The Super Bowl is the biggest night of the year in football, in television, and in the wings-and-nachos-delivery business. It’s also a huge night for the internet. The final three minutes of last night’s game saw over 10,000 tweets per second and the commercials make it a major night for the world’s biggest brands. But if you’ve paid up for a Super Bowl ad, your website had better be up for the traffic you’re going to get.
That’s where Yottaa, a Boston-based website performance company, comes in. As if to emphasize just how into website monitoring and optimization these guys are, the Yottaa team spent last night with one eye on the game and the other monitoring and testing the major brands’ websites. And the results of what they’re calling The 2012 Burst Bowl are in. So which sites crashed, and which were up to the traffic?
Apparently people really love those Coke polar bears. The Coke site and Acura’s call to action page both went down for significant periods during the game, while the movie Act of Valor’s video-heavy site slowed to a crawl.
Keeping a major site from crashing is a bit of a thankless job. If you fail, lots of people notice. If you succeed, your users mostly don’t even think about it. So Yottaa’s rankings let us tip our hats to the web teams at these companies for ensuring great performance.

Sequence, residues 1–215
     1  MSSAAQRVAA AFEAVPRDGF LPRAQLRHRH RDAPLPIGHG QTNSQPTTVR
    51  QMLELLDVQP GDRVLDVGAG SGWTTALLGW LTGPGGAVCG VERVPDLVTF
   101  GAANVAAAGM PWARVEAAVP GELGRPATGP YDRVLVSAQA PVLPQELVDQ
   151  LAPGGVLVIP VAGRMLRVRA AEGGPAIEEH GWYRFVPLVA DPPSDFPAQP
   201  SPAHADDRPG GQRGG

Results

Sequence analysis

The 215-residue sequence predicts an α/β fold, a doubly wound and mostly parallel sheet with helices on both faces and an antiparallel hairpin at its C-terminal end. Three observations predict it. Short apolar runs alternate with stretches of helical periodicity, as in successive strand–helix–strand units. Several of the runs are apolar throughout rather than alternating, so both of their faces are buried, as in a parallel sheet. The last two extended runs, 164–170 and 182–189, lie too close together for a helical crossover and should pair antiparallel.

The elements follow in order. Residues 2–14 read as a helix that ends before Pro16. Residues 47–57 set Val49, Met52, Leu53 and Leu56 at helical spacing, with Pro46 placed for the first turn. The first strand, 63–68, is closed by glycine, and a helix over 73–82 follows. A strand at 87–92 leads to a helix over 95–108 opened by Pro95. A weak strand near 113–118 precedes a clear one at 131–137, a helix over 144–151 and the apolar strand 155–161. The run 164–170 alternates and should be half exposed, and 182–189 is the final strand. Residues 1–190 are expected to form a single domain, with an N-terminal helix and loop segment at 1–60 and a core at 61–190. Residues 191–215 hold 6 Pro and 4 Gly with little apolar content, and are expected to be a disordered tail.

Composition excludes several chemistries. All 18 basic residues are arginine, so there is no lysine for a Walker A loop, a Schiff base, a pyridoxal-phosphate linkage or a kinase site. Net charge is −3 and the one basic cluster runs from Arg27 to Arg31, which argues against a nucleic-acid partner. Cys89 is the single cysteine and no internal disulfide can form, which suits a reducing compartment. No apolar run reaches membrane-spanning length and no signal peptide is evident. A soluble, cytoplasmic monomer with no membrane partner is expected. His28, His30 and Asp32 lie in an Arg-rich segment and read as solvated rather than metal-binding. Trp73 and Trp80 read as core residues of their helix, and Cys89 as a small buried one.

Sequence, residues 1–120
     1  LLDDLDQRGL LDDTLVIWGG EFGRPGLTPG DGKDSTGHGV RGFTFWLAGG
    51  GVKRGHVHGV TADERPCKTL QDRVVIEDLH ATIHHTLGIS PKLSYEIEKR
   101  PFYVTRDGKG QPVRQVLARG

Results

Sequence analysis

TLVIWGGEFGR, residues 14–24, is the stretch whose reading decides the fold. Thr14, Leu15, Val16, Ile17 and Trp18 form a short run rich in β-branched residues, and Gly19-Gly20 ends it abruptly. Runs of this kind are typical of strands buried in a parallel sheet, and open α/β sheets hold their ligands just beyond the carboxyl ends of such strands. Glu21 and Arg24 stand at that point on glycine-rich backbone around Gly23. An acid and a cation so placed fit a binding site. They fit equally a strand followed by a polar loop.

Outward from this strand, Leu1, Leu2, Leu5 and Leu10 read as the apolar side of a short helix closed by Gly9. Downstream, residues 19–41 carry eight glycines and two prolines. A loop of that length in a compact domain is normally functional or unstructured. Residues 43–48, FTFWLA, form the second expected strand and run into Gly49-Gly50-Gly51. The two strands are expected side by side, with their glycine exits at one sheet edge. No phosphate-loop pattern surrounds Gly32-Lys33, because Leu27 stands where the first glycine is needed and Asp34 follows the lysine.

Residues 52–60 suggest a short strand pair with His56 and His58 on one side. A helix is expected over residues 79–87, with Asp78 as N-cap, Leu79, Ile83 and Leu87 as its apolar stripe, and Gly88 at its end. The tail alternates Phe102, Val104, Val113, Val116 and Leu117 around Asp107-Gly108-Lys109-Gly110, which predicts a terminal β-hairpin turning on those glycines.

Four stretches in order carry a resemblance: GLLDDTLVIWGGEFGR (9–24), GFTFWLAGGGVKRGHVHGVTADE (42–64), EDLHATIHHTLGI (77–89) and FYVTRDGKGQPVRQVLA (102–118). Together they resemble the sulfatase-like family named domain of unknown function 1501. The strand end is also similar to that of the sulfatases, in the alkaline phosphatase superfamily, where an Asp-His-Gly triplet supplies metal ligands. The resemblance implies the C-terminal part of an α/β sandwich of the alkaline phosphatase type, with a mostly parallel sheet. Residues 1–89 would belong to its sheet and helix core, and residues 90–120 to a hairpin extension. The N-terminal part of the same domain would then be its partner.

Overall, across all the sites it monitored, Yottaa saw 81 failed page loads and a 6% decrease in web performance.
More Weird Super Bowl Tech Challenges
If you’re like me, you didn’t give any thought to the challenges that web teams face on the Super Bowl, but when you think about it there are a huge number of tech issues raised by having a hundred million people watching and talking about the same thing at the same time.
At The Atlantic, Alexis Madrigal relates how Domino’s IT team approached the big game:
Our preparation begins well before kickoff – and even before the season begins – in July or August. It culminates in more than 55 members of our Information Systems (IS) “defense” camping out at headquarters to watch and anticipate every move the system makes to ensure flawless execution
If you’re in the mood for an involved IT-as-football metaphor, go read the rest.
Tracking College Students Favorite Super Bowl Ads
It was a big night for the team at CampusLIVE as well, which shared this morning its users’ favorite ads:
Top 4 Favorite ads on CampusLIVE:
Any other stories of tech teams too busy to keep their undivided attention on the game? Let us know in the comments.